Why this post is wrong and dangerous – response to Mastery Overload

Here, Debra Kidd writes about her concerns with respect to the idea of a mastery curriculum.

I should begin by noting that I agree entirely with the sentiment of wanting children to love and enjoy mathematics.  Also, I sympathise with the mistake being made in this post, because I made it myself.  In fact, almost every newly minted, naive maths teacher I know has made the same mistake.  Those with more experience tend to fit into two categories: they feel guilty because they don’t understand why following the vision isn’t working, or it was explained to them why following the vision won’t work, and the inordinate complexity of mathematics teaching is still unravelling before them.

If you want to reach for the moon, you don’t point your rocket at it and fire; if you do, you miss.  Instead you have to point it somewhere else, compensating for a staggering range of complex variables, but in the end you reach the vision of landing on the moon.

Why is it wrong?

First, the post represents a misunderstanding of what mastery teaching is.  This isn’t wholly unreasonable; as noted both by Mark McCourt and me at the last La Salle mathematics conference, ‘mastery curriculum’ is a term that is being interpreted in a few different ways.  Still though, the definition as suggested in the blog post, that mastery is all about ceaseless repetition of the same content and prep for exams, is so grossly far from any fundamental intention of the ‘mastery curriculum’ concept as to be, simply, wrong.

It goes on to suggest repeated practice of basic arithmetic is a bad thing.  The post notes that when asked what they did enjoy about maths in the past:

…they start to talk about investigations and inquiries they’ve done in the past. Lessons where “you had to work out codes and clues and find out things for yourself – it makes you think”. And they mention lessons where “we had to pull together as a team to figure it out – working in a group to get the answers”

I recall with any clarity only one maths lesson from primary school.  We were asked to investigate something about the relationship between the perimeter of shapes and the number of squares they were made up of.  I started finding so many patterns I wanted to keep exploring that it was not only my most enjoyable lesson, I was truly dismayed when the teacher said I had to stop!

So why is it wrong to pursue this?  Here’s where it gets very tricky, and deeply nuanced…

It’s not wrong, per se.  It’s wrong if you think ‘ergo this is better than practice.’  It’s wrong if you think ‘this is how kids should learn things.’

Running an investigation because you want children in school to experience a mathematical investigation is almost certainly a good thing, and probably something we should be taking pains to do more often.  Running an investigation with the intention that children learn a new piece of mathematical knowledge is almost universally doomed to fail.  There are several reasons why, but let me just articulate one of them in the hope that it’s enough for now: if you are investigating something in a lesson, then (at best!) you arrive at the conclusion – that thing that the teacher wanted you to learn – only at the very end of the lesson.  This means that you spent most of the lesson *not* thinking about the thing you were supposed to be learning.  If you instead were taught that thing explicitly right at the start, then you can go on to spend the entire lesson thinking about it.  More time thinking about the idea, greater initial storage strength (the whole ‘memory is the residue of thought’ thing.)

There are so many shades of complexity to the above paragraph that I am omitting; but suffice it to say that ‘investigation good, explicit instruction and practice bad’ is in error to the point of absurdity.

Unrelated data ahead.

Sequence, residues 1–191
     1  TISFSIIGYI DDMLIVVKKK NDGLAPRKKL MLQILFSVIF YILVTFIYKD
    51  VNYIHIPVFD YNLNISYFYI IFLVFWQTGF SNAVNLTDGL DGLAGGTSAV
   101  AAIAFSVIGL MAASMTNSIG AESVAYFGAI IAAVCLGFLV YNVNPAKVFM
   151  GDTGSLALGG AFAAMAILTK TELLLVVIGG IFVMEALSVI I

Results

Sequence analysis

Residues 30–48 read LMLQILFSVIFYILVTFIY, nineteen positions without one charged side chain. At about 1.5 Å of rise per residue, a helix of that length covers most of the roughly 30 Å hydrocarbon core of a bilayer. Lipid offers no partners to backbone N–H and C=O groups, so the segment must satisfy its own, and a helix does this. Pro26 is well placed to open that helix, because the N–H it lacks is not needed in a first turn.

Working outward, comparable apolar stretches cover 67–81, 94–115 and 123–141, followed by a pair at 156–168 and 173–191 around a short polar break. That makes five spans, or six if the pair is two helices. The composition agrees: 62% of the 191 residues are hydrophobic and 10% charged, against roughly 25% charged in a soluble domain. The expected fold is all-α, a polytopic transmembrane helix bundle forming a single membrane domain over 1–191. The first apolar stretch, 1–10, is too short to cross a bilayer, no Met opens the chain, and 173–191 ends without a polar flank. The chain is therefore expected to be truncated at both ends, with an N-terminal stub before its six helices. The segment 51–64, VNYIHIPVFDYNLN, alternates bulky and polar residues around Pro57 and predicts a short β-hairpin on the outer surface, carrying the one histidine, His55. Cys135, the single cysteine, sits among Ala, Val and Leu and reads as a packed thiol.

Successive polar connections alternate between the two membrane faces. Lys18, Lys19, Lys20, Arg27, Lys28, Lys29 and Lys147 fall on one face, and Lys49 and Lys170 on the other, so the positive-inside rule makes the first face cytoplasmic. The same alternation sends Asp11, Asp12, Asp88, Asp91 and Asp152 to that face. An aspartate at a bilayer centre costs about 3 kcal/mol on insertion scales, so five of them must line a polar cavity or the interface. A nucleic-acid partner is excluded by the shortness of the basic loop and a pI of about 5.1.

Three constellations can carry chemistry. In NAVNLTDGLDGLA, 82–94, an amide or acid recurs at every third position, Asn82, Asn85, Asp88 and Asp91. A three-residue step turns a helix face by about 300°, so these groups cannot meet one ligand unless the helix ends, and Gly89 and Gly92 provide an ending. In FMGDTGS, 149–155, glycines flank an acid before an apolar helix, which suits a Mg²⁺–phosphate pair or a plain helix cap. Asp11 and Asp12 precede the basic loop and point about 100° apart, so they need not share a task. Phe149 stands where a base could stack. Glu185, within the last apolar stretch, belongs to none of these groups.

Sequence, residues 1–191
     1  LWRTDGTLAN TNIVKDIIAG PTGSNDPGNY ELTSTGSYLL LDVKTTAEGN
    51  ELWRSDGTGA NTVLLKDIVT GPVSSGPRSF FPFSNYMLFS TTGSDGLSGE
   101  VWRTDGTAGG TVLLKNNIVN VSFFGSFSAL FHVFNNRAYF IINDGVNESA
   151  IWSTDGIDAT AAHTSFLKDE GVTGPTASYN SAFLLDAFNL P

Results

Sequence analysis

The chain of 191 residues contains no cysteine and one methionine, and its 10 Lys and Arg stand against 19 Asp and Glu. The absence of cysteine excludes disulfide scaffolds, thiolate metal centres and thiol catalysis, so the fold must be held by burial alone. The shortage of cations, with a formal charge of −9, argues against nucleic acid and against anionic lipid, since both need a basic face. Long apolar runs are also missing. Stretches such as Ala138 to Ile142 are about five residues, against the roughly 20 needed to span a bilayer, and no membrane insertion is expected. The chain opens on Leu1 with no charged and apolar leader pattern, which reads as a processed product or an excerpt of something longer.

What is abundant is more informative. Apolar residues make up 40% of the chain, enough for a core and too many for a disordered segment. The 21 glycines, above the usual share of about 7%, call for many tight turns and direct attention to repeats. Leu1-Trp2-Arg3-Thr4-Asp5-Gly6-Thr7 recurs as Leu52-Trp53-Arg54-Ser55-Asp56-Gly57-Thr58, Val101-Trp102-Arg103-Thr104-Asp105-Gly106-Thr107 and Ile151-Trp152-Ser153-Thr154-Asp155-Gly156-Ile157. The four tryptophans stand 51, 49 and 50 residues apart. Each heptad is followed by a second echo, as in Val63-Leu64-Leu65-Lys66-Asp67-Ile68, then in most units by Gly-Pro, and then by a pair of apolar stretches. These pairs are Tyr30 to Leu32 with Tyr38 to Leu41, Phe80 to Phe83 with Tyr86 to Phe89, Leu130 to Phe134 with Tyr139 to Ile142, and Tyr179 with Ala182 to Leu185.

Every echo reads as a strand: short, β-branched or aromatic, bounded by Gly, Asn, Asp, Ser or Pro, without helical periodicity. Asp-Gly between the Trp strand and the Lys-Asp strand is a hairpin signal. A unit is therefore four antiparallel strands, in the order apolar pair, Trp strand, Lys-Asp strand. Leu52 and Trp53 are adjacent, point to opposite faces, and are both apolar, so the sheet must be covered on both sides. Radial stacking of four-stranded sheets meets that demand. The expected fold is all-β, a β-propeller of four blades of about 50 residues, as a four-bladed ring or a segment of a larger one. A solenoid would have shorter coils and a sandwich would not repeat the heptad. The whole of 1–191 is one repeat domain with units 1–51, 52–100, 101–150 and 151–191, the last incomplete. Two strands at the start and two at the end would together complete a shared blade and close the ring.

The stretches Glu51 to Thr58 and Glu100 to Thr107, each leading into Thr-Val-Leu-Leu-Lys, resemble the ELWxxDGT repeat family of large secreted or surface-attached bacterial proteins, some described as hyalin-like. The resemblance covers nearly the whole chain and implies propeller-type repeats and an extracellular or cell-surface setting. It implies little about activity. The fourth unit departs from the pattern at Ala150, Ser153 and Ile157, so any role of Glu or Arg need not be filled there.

Next up, the novice-expert continuum.  It was mentioned that the group in question were a top set.  Higher achievers notoriously tire of simple drill practices much more quickly than others, and they do generally need less of it (though, typically still more than they *think* they need.)  They are also more able to take on and learn from more complex forms of unguided instruction.

Furthermore, there are boring ways to practice, and there are fun ways to practice.  Just look to all the incredible work Bruno Reddy did on Times Table Rockstars for examples of fun ways, and I’ll say no more.

Why is it dangerous?

The ideas expressed in the post are not new, they are in fact very common.  A similar view was expressed by Conrad Wolfram only a few months ago in this article.  This notion has actually been kicking around for decades now, as noted by Professor Askey – apparent veteran of the US ‘math wars’ – when he said the following back in 1997:

“Mathematics is like a stool; it sits on three legs. In the New Math period the only leg used was the structure of mathematics. The feeling was that if you understood the structure of mathematics, then you could compute and solve problems. That turned out to be false for all except a small group. Then we got ‘Back to Basics’, which was founded on computation. However, the level was too low, and good problems and structure were both ignored. This failed badly. Then NCTM tried Agenda for Action and later the Standards. Both of these were built on the idea that if you could solve problems, then you could do mathematics. You can, but at too low a level. All three are needed—problems, technique, and structure. I fail to see why this obvious fact is not appreciated, but it does not seem to be. The New Math failed for good reasons, and the New New Math will fail for good but different reasons. Maybe then we can start to try to do this right.”

The assertion from the post that ‘We need more Mystery than Mastery’ is an intellectually deficient idea.  Although it was no doubt intended as a pun on some earlier commentary in the post as to the distinction between ‘master’ and ‘mistress,’ and a not uncommon response by the author might be to suggest that it was only meant as some light-hearted fun, it’s only once you’ve seen what ideas of that ilk do both to maths teachers and to their poor suffering pupils that you can grasp the danger in treating it as such.  Mathematics education is so curiously complex that while we’ve been uncovering more and more of its nature for more than half a century now, we still haven’t yet pieced it all together into a structure that works.  I agree with the sentiment that asks:

What is the point in taking children on a learning journey in which they feel like passengers trapped in a repetitive hell?